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What do you Think About Money ?

Wherever you are on your money journey, it’s important to know where we’ve come from and what’s shaped you –practically and emotionally around money. This awareness could be the difference between having a modest financial position to creating significant wealth, or for some individuals, constantly struggling with their finances and worrying about not being financially secure, to creating a sound financial future.

“What are the common emotions I experience around money?
What did you Iearn about money growing up? Am I holding on to my past money mistakes? What is my money psychology?”

Wherever you are on your money journey, it’s important to know where we’ve come from and what’s shaped you –practically and emotionally around money. This awareness could be the difference between having a modest financial position to creating significant wealth, or for some individuals, constantly struggling with their finances and worrying about not being financially secure,to creating a sound financial future.

The downtime afforded by the COVID crisis might be a good time to ask yourself these and other questions surrounding your relationship with money, your emotions & consciousness.  If you’re not where you want to be financially, it’s most likely to be caused by your beliefs around money.

 

Most people are unaware of the unconscious beliefs they hold about money. These beliefs are formed in the early years of our life, however unless they are uncovered and examined, stay with us our entire life, guiding our financial decision-making.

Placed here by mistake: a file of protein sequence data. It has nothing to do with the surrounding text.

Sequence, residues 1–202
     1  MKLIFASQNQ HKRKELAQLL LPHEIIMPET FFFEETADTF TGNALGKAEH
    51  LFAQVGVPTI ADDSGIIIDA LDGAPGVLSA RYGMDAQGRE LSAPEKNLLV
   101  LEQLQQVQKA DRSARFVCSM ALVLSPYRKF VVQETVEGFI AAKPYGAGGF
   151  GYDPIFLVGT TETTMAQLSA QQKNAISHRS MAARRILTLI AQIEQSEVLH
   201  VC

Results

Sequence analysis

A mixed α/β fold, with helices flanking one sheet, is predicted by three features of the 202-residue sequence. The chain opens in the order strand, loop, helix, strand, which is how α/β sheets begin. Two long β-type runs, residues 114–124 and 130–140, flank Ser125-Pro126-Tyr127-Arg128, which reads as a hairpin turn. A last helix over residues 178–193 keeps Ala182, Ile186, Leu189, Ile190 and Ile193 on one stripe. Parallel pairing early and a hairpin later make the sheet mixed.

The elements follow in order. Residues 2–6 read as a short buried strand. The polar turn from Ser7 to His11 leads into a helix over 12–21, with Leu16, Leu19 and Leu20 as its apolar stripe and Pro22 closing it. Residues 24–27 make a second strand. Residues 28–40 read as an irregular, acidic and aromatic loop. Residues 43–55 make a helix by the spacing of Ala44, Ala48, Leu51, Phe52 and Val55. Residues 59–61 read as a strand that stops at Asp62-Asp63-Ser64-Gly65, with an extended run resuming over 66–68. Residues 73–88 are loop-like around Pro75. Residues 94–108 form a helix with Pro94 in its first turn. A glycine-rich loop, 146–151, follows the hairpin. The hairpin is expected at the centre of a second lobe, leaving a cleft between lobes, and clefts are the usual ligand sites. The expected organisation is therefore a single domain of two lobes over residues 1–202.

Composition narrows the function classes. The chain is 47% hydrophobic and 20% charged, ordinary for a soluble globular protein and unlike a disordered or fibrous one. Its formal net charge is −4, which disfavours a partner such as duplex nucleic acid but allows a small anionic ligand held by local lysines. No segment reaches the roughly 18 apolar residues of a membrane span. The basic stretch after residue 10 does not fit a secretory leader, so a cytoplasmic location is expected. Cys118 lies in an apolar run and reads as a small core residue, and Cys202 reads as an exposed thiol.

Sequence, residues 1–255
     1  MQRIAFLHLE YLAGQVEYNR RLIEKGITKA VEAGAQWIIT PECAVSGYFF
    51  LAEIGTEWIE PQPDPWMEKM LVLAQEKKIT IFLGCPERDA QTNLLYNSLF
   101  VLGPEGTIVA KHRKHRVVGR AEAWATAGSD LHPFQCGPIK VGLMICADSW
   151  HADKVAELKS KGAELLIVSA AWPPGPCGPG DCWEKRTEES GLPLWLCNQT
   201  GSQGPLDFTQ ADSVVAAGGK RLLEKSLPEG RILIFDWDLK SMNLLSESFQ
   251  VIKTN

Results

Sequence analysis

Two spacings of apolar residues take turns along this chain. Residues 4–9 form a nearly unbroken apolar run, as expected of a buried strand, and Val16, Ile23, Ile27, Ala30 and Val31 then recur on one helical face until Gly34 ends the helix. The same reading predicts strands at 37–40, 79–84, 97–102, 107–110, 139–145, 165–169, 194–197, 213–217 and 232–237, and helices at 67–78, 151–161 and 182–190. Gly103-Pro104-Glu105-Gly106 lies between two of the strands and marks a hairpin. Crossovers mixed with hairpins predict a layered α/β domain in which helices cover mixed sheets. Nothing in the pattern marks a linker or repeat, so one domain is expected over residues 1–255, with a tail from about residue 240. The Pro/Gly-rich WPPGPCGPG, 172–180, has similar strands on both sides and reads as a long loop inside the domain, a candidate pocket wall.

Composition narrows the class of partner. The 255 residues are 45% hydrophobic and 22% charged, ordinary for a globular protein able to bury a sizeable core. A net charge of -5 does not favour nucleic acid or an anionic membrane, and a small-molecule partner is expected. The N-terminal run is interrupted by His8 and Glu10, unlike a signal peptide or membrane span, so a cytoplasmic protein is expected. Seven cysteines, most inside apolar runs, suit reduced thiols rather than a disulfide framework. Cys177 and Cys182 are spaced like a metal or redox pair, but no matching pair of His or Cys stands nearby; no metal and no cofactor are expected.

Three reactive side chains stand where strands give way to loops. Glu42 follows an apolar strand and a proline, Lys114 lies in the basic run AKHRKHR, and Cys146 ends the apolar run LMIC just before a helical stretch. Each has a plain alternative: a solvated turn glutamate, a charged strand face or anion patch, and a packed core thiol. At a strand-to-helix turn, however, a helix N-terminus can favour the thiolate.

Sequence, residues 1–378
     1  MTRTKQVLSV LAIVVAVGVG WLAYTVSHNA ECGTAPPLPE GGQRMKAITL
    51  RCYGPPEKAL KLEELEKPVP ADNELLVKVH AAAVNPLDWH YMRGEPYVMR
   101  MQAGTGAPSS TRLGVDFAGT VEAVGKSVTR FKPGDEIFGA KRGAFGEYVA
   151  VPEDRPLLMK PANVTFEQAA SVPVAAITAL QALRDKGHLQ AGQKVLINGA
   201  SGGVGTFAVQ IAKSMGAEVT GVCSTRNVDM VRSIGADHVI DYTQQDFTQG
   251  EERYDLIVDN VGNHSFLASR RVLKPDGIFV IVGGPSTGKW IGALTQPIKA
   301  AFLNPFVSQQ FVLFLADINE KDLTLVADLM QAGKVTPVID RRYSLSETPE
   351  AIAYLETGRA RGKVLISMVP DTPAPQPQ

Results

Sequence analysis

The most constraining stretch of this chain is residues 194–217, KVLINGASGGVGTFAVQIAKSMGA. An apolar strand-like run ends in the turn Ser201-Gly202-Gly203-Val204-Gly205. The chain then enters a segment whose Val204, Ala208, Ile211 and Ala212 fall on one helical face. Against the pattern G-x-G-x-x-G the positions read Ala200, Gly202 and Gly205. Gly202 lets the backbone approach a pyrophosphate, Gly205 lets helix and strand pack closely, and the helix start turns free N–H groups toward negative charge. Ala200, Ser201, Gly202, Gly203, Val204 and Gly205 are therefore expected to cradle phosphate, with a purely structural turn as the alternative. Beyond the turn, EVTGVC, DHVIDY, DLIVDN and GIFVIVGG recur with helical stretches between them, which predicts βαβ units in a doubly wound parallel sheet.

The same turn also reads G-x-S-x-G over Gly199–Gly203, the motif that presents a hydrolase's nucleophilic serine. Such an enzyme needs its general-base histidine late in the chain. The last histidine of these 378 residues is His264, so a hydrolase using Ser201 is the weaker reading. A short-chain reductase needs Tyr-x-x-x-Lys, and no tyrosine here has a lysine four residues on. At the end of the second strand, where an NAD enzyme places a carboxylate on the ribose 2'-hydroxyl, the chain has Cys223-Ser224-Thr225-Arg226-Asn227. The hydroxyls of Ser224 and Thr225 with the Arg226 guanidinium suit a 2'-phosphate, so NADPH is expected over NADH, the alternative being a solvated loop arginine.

When you believe something, your brain operates on automatic pilot, filtering any input from the environment and searching for references to validate your beliefs, regardless of what it is.  We distort, delete and generalise – based on our beliefs.

With this knowledge, we effectively have two choices– keep bumbling through, or for some of us who have healthy money beliefs, doing quite nicely;or face it head on and learn everything you can about yourself and your challenges and strengths around money.  If you’re in a relationship, it may be that one of you has sound and healthy beliefs and the other has challenging beliefs. Understanding the dynamics at play for both of you can be extremely beneficial to both your relationship and your financial results.

A simple exercise you could start with is to close your eyes, relax,clear your mind and take a deep breath in, then out, then answer these questions:

 

Money is ….

Rich people are …..

If I were financially successful, my family would ……

 

Twenty individuals could answer these three questions with twenty different responses, although typically I tend to see a few common themes.  You see, Money has no meaning other than the meaning we give it.  This meaning is created and hard-wired into us based on defining moments in our life between the ages of four and 12.